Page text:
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Member Since 16 Apr 2014
Offline Last Active Yesterday, 12:18 PM

Posts I've Made

In Topic: Iron Deficiency Vs Anemia Of Inflammation

Yesterday, 07:23 AM

Yes, it's very true that anemias can co-exist. And, worse yet, if you have a microcytic anemia (like iron deficiency) at the same time as you have a macrocytic anemia (like B12 or folate deficiency) it can actually cause blood tests to show a false normal results. I had never even heard of false normal test results until I was pretty much in that situation. It's crazy. (And it also sucks because you have all these anemia-like symptoms and your doctors look at your blood tests and try to tell you it's all in your mind when it really isn't...)


I realize now that this topic should probably have gone under the 'related disorders' section. Maybe a moderator could move it?

In Topic: B12 Injections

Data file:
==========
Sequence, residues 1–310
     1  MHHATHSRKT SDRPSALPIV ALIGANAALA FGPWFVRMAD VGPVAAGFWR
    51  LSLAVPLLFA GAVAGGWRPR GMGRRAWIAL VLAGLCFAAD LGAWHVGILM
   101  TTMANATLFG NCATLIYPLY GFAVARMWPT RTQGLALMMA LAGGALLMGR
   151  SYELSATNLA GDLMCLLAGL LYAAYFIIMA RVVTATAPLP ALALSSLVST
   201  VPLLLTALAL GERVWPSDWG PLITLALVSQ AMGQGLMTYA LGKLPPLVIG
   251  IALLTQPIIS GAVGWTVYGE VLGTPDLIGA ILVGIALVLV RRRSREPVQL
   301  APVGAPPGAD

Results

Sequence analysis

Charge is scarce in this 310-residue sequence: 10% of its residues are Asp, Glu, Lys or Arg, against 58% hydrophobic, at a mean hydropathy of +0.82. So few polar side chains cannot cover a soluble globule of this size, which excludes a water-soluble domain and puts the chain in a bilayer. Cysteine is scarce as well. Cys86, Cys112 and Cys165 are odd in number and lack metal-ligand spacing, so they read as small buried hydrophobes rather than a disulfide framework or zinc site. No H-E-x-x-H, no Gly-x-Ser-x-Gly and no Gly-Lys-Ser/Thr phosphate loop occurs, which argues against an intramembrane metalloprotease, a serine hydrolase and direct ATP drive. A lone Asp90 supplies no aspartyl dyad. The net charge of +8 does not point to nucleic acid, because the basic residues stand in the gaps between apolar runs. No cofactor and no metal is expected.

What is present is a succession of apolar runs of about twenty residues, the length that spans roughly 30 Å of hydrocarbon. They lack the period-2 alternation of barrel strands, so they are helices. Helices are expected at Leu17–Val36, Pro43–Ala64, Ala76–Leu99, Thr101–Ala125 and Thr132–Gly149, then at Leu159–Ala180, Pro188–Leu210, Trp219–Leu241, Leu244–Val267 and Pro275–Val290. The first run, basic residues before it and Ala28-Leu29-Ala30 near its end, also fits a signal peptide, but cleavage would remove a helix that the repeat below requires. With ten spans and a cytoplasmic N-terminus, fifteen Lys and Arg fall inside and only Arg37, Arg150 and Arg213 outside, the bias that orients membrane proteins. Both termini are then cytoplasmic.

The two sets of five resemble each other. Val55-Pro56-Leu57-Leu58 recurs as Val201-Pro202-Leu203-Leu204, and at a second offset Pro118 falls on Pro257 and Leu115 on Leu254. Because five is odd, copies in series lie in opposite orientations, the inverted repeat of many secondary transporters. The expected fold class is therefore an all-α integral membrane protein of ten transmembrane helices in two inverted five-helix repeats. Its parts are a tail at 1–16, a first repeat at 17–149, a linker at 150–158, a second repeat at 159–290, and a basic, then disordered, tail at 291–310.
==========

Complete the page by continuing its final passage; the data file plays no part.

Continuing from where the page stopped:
29 June 2015 - 02:31 PM

Do you know which form of B12 the injections are? Cyanocobalamin is the form most often used in the US and is usually given once a month. Hydroxocobalamin is the form more commonly used in parts of Europe. Generally speaking, cyano works more quickly but is not retained as well in the body as hydroxo.


Methylcobalamin is the newest form of B12 to be developed. It is not commonly in use by doctor's offices, although some are starting to warm up to it because it is the "active" form of B12 and doesn't require as much conversion in the body as cyano and hydroxo do. (But it's also more expensive than either of the other kinds and is not mass produced as an injectable the way the others are.)